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Co-defendant testifies he feared for life

By Sonny Long
Aug. 14, 2013 at 3:14 a.m.
Updated Aug. 15, 2013 at 3:15 a.m.


A seven-man, five-woman jury could decide Thursday if two Victoria men are guilty of capital murder in the April 2012 death of another man.

Dedrick Bonner and Donnell Dilworth are charged with capital murder for the shooting death of Jerry Paul James on April 24, 2012. They are also charged with aggravated assault for shooting James' fiance in the lower left leg.

Closing arguments are set to begin at 9 a.m. Thursday. After that, the jury will determine if the men are guilty or not guilty.

The defense rested its case Wednesday after Bonner testified on his own behalf.

Bonner said from the stand he did not go to Regency Studio Apartments intending to shoot James but feared for his life when James came at him brandishing two knives.

Bonner said he was shocked, scared and confused.

"He had murder on his mind. He was going to kill me," Bonner, 20, testified during questioning by his attorney, Jerry Clark. "I was zoned out. I didn't take my time and aim; I just started squeezing. If I had turned around and ran, he would have caught me, and I would have got stabbed."

Bonner said he and Dilworth had been at the apartments earlier, and he thought Dilworth and James had settled a disagreement.

"That was squashed, and then James called and said to come back; he wanted to fight Dilworth," Bonner said. "He came running out of his apartment toward Donnell at first, and Dilworth took off. Then he started coming toward me. He didn't come out talking; he didn't come out walking. He came out running with knives."

Bonner testified that Dilworth did not have a weapon and did not know that he had the .45 caliber handgun.

Clark, referring to testimony from earlier in the trial, asked Bonner why he cried when he got back in the car to leave the scene.

"Because of the way the situation played out," said Bonner. "It wasn't supposed to happen like this. I've never killed anybody in my life.

"I was messed up about it. I felt bad about it. I was cool with Jerry."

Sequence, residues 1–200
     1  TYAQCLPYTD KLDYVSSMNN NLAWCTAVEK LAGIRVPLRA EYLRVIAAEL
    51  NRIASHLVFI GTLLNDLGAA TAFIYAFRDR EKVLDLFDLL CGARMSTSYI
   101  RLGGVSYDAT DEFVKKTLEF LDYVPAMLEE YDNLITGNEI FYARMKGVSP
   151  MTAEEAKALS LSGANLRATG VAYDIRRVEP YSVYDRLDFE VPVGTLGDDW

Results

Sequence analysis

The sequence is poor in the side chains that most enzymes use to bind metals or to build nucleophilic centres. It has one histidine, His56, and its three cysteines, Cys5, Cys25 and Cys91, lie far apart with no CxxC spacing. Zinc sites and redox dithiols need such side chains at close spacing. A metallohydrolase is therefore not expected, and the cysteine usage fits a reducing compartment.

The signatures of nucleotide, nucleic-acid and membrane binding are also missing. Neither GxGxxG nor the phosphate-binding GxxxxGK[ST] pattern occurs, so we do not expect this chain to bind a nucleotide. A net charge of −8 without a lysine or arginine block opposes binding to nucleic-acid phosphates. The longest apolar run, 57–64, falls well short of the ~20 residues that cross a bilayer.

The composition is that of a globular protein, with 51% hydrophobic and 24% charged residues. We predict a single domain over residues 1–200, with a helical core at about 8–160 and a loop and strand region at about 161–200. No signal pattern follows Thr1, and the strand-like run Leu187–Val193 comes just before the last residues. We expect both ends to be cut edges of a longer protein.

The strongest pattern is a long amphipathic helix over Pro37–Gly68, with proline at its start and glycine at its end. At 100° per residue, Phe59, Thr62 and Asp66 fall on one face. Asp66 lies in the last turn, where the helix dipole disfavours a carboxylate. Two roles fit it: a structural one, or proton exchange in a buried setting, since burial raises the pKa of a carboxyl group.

Asked why he fled to San Antonio the day after the shooting, Bonner said, "I panicked. I had just killed somebody."

Testimony earlier in the trial indicated Dilworth was upset with James because he thought James had snitched about a robbery Dilworth and Bonner had pulled in the apartment complex. Earlier testimony also indicated that James called both men "fake" Blood gang members.

Asked about being in a gang by his attorney, Bonner said he was affiliated with but never initiated into a gang.

Victoria County First Assistant Criminal District Attorney Eli Garza cross-examined Bonner.

"How many times did you shoot before Mr. James went down?" Garza asked.

"A lot," said Bonner, who also admitted shooting and wounding Allaceia Stephney when he thought she was coming at him with a stick she was carrying.

"I thought she was going to hit me with the stick because I was shooting at her baby daddy," Bonner testified.

Garza and Bonner sparred on whether James was coming at Bonner or not.

Garza showed Bonner a photograph of James with the fatal gunshot wound on the side of his forehead.

"Is it possible that when you shot this man, he was turning around and heading back to his apartment?" Garza asked.

Bonner stuck to his story that James was charging him, knives in hands.

"Did you keep shooting after he fell?" Garza asked.

"Yes, sir," Bonner responded.

The first witness Wednesday was Tony Ray White, who also lived in the apartment complex. White had been scheduled to testify Monday but did not show up for court and was picked up Monday night by district attorney's investigator Danny Villarreal.

White said he had heard about an impending fight between Dilworth and James. He was going to video record it with his cellphone.

White, an admitted member of the Piru 59 Bounty Hunters sect of the Bloods gang, said he saw James come out of his apartment with knives in his hand.

"They ran, and James came after them," White testified. "After that, I heard gunshots."

Villarreal, who has several years of experience investigating gang activity and identifying gang indicators, said he would classify Bonner as a confirmed gang member and Dilworth as a suspected gang member.

Both men have tattoos representing their affiliation with the Bloods, Villarreal asserted. Bonner has a CK (Crips Killer) on his arm and Dilworth a five-pointed star on his chest.

In a rare light moment in the trial, Dilworth's attorney Lee Lewis, raised his pant leg, lowered his sock and showed Villarreal a five-pointed star tattoo on his leg.

"Am I a Blood?" Lewis asked the investigator.

"No, you're an attorney," Villarreal answered.

District Judge Robert C. Cheshire is presiding over the trial.

If found guilty of capital murder, the men face life in prison. The state did not seek the death penalty.

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